Brock James, one of the most successful of the Australian rugby stars plying their trade in Europe, has weighed in on the debate surrounding the Wallabies’ controversial eligibility laws.
“It makes it hard for the national team with the selection policy that they’ve got,” the former Australian 7s star told Australian Times in London. “If players aren’t in [Australia] then they’re not selected. But you’ve got guys like Matt Giteau who for two years now has been arguably one of the best players in Europe and he’s not able to be selected for the Wallabies – it makes it hard for him.”
James moved to France in 2006 to play for Top 14 club Clermont Auvergne and knew back then that he was making a “big decision”. He also knew that he was passing up on the opportunity to ever be picked for Australia while he remained overseas.
“I guess it’s a decision we make when we come over. You know you’re not going to be in that pool of players eligible to be selected.”
However fair or unfair that may seem – or detrimental to our national pool of players – James says he understands why the Australian Rugby Union are so stringently enforcing their much exhorted selection policy.
“I see why they’ve got the rules, especially in Australia. It’s a difficult job to compete with all the other sports in the marketplace. They need the best players, they need the best matches that they can have for the spectators and the public. It’s one way of keeping the quality players onshore.”
However it’s not as if playing in Europe has been a burden for the mercurial number 10. Since leaving Australia and his Super Rugby career at the Western Force, James has helped Clermont Auvergne to European Challenge Cup victory in 2007, to the Top 14 title in 2010 and was part of the heart breaking Heineken Cup Final loss to rivals Toulon in 2013. And now he’s been selected as the only Australian in a very experienced Barbarians team that face England at Twickenham on Sunday. Playing alongside the likes of Joe Rokocoko, Jimmy Cowan, Hosea Gear and Francois Trinh-Duc, James is hoping for some success against the old enemy.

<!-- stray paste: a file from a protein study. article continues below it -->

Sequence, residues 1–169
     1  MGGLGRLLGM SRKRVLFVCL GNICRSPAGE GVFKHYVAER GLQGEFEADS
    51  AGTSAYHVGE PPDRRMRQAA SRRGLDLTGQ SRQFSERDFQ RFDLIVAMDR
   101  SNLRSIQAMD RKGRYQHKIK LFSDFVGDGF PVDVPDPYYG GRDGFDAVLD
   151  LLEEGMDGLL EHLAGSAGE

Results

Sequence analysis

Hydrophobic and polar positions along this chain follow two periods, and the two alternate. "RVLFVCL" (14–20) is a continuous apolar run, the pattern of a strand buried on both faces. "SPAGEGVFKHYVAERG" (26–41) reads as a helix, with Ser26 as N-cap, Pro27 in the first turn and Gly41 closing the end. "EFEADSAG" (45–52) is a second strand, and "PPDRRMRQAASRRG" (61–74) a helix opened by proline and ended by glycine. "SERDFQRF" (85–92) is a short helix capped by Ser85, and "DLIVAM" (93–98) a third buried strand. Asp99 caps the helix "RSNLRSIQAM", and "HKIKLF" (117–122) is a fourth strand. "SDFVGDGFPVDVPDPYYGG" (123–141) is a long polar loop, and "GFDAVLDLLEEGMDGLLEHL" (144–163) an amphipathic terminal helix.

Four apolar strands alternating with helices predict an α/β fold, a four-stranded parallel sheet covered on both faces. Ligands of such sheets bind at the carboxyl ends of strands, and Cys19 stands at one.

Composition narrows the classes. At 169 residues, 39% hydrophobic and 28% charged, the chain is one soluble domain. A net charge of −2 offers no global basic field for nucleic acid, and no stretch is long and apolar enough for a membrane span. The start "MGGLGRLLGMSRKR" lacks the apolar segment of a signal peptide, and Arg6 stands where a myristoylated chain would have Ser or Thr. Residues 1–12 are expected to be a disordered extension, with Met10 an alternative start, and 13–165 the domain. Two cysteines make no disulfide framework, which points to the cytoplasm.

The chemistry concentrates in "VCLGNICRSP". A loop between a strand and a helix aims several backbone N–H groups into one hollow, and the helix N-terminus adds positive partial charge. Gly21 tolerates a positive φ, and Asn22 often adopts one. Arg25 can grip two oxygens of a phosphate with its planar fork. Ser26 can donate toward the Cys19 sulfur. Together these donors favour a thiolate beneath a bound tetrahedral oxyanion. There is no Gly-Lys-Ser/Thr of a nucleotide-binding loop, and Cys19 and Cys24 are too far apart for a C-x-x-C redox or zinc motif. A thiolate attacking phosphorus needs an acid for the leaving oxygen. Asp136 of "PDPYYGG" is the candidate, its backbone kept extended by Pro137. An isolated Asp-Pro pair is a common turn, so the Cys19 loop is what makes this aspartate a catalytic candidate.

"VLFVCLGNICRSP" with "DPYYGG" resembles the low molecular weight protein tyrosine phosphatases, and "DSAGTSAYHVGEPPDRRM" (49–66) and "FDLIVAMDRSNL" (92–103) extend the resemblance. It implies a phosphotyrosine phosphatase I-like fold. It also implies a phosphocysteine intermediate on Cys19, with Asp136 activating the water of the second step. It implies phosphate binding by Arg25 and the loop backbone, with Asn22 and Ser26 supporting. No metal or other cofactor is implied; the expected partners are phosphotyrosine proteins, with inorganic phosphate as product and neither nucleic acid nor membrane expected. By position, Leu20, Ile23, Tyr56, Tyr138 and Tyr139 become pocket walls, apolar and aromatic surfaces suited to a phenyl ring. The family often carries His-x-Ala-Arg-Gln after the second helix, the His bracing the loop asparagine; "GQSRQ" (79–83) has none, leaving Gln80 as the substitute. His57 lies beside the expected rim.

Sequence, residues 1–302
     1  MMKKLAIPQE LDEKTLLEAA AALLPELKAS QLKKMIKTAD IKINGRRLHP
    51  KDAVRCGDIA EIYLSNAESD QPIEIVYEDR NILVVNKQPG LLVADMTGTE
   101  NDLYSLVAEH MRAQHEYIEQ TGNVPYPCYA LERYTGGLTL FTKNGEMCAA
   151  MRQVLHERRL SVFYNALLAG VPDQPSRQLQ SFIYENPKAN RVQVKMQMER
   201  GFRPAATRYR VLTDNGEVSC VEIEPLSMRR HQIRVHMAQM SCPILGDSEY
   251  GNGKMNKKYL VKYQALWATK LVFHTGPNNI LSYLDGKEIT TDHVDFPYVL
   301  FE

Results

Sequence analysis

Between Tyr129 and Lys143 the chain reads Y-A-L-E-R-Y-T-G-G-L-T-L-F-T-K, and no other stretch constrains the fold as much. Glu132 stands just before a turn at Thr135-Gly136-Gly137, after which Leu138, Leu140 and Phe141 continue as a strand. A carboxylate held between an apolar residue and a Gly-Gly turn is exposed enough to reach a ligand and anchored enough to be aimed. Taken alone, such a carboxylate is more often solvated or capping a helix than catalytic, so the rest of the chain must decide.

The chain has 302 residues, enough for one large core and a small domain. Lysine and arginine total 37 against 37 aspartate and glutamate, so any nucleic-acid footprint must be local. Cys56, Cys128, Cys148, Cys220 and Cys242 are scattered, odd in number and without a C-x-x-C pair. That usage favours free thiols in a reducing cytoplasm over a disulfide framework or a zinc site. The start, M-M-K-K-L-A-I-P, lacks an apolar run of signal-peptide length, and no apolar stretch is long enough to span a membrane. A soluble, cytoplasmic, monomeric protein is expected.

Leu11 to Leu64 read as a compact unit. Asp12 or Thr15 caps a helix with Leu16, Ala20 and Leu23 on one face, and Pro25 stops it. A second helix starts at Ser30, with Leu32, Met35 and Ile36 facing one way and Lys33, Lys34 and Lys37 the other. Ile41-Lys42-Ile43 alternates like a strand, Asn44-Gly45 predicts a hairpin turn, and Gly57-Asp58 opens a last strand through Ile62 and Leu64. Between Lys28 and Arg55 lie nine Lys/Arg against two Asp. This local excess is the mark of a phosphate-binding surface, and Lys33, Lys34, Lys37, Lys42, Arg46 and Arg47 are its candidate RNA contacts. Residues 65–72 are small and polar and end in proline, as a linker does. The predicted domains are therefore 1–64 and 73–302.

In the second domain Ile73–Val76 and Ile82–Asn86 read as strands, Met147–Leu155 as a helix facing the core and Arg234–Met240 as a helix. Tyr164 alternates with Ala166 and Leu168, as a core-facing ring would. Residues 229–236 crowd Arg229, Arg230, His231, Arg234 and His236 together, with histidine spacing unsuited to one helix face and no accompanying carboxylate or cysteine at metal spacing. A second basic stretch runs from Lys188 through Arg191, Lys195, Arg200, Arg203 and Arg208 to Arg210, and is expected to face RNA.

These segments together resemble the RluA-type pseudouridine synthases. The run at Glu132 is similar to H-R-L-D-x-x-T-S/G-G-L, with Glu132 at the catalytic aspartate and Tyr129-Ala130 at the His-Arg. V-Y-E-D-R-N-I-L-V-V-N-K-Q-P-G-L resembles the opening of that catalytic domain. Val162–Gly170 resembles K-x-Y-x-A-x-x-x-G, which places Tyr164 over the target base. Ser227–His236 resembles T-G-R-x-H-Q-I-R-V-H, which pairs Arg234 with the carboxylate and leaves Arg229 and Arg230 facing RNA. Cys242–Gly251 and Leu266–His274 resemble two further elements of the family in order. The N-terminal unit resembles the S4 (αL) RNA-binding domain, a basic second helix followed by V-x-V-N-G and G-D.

“The Barbarians is always something you watch growing up and you’d like to imagine you’d get a chance to play, so to be invited is quite an honour.”
Although James and his young family are now nationalised French and loving their life in Europe, he still keeps highly abreast of Australian rugby and has a few tips for Ewen McKenzie and the Wallabies selectors.
“I saw Quade [Cooper] will be out for six months [with injury], so personally I hope Bernard Foley gets a bit of an opportunity. I think what he’s done this year and even last year, he deserves it.”
He also doesn’t believe we’ll see the exodus of Australian players to the likes of France and Japan slow down anytime soon.
“I think the Top 14 is arguably one of the top competitions in the world. You look at the Toulon side that won the Heineken Cup last week, it’s pretty much an international team.
“The Australians started coming [to Europe] a lot more over the last few recent years. I think France was always seen as something you do towards the end of your career, now the guys are getting out and seeing it as a real life experience as well.”
Rugby journeyman James O’Connor was set to line up against the Clermont Auvergne star at Twickenham on Sunday but pulled to focus on his upcoming match for the World XV in South Africa.